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Viral Attacks On UNIX System Security

Tom Duff
August 1987

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AT&T                             Document Cover Sheet for Technical Memorandum
Title:        Viral Attacks On UNIX® System Security

Author (Computer Address)  Location   Ext.     Company (if other than AT&T-BL)
Tom Duff (research!td)     MH 2C-425  6485

Document No.		Filing Case No. 	Project No.
11273-880728-02TMS	39199-11		311403-0101

  UNIX; security; virus; Trojan Horse; discretionary access controls
MERCURY Announcement Bulletin Sections
  CMP - Computing


Executable files in the Ninth Edition of the UNIX system contain small amounts of unused space, allowing small code sequences to be added to them without noticeably affecting their functionality. A program fragment that looks for binaries and introduces copies of itself into their slack space will transitively spread like a virus. Such a virus program could, like the Trojan Horse, harbor Greeks set to attack the system when run by sufficiently privileged users or from infected set-userid programs.

The author wrote such a program (without the Greeks) and ran several informal experiments to test its characteristics. In one experiment, the code was planted on one of Center 1127's UNIX systems and spread in a few days through the Datakit network to about forty machines. The virus escaped during this test onto a machine running an experimental secure unix system, with interesting (and frustrating for the system's developers) consequences.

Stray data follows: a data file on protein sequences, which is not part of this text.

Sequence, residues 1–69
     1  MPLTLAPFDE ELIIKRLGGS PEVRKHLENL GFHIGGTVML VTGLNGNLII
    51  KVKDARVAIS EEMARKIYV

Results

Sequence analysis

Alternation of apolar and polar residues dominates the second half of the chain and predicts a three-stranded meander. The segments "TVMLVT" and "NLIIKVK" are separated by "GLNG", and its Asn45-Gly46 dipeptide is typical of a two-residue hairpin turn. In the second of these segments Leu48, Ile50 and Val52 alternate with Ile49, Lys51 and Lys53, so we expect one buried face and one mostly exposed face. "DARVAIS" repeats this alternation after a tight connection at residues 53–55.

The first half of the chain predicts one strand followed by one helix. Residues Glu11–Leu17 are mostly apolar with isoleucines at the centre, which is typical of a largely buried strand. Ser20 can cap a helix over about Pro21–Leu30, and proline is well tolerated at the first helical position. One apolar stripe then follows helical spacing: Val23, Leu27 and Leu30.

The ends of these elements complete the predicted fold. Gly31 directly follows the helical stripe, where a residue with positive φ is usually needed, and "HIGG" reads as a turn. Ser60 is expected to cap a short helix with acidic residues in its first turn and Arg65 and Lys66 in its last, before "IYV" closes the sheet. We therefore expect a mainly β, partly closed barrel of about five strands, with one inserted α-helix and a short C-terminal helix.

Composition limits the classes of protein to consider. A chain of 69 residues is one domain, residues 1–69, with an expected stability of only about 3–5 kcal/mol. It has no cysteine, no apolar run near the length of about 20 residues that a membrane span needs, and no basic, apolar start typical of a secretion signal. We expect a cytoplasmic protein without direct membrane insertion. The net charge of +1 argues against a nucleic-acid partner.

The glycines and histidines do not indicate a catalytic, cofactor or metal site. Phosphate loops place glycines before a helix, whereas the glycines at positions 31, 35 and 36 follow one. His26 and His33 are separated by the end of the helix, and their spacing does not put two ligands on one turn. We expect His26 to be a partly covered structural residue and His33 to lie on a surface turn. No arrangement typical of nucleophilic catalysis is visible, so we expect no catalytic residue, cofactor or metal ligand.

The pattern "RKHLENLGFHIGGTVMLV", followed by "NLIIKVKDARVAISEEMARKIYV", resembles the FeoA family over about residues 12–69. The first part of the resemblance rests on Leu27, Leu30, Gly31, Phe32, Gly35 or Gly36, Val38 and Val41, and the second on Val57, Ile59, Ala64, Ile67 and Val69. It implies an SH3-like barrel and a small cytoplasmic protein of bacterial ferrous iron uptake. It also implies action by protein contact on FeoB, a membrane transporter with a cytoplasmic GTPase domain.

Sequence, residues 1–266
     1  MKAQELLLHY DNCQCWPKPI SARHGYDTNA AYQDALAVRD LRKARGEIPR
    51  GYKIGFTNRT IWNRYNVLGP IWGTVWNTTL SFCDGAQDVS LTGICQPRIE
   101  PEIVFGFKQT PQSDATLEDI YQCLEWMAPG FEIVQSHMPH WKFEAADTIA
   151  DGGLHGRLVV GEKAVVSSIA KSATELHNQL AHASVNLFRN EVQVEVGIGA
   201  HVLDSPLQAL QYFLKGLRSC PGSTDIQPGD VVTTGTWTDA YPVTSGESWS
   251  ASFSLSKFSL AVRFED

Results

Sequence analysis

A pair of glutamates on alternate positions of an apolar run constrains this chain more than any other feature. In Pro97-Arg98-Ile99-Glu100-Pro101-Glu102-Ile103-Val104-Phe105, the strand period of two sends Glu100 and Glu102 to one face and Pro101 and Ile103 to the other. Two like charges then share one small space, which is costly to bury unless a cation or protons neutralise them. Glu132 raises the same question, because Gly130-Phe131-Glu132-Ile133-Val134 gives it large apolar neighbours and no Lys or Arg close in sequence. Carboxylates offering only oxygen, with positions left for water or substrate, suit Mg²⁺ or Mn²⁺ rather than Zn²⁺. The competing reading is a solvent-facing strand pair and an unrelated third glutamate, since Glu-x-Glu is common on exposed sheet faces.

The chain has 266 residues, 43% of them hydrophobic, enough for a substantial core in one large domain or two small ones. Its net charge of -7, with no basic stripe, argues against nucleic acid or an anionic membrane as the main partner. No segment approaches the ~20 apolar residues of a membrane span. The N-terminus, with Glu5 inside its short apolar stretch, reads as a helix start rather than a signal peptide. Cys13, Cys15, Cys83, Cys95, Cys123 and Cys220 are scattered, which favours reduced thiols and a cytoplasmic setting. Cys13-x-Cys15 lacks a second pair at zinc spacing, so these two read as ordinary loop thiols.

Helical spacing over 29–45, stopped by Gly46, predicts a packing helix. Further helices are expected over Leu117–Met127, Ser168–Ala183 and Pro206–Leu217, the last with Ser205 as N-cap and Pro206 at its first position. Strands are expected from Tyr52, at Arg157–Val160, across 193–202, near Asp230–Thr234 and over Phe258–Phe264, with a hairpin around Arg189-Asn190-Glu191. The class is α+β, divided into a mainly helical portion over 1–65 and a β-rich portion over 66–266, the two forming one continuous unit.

Viruses of this sort must be tiny to fit in the small amount of space available, and consequently are very timid. There are ways to construct similar viruses that are not space-constrained and can therefore spread more, aggressively and harbor better-armed Greeks. As an example, we exhibit a frighteningly virulent portable virus that inhabits shell scripts.

Viruses rely on users and system administrators being insufficiently vigilant to prevent them from infiltrating systems. I outline a number of steps that people ought to take to make infiltration less likely.

Numerous recent papers have suggested modifications to the unix system kernel to interdict viral attacks. Most of these are based on the notion of 'discretionary access controls.' These proposals cannot usually be made to work, either because they make unacceptable changes in the 'look and feel' of the unix system's environment or they entail placing trust in code that is inherently untrustworthy. In reply to these proposals, I suggest a small change to the unix system permission scheme that may be able to effectively interdict viral attacks without serious effect on the unix system's functioning and habitability.

Total Pages (including document cover sheet): 9
Mailing Label
Timestamp: 587994271

Initial Distribution Specifications	    11273-880728-02TMS (page ii of ii)
Complete CopyCover Sheet Only
Executive Director 112
Directors 112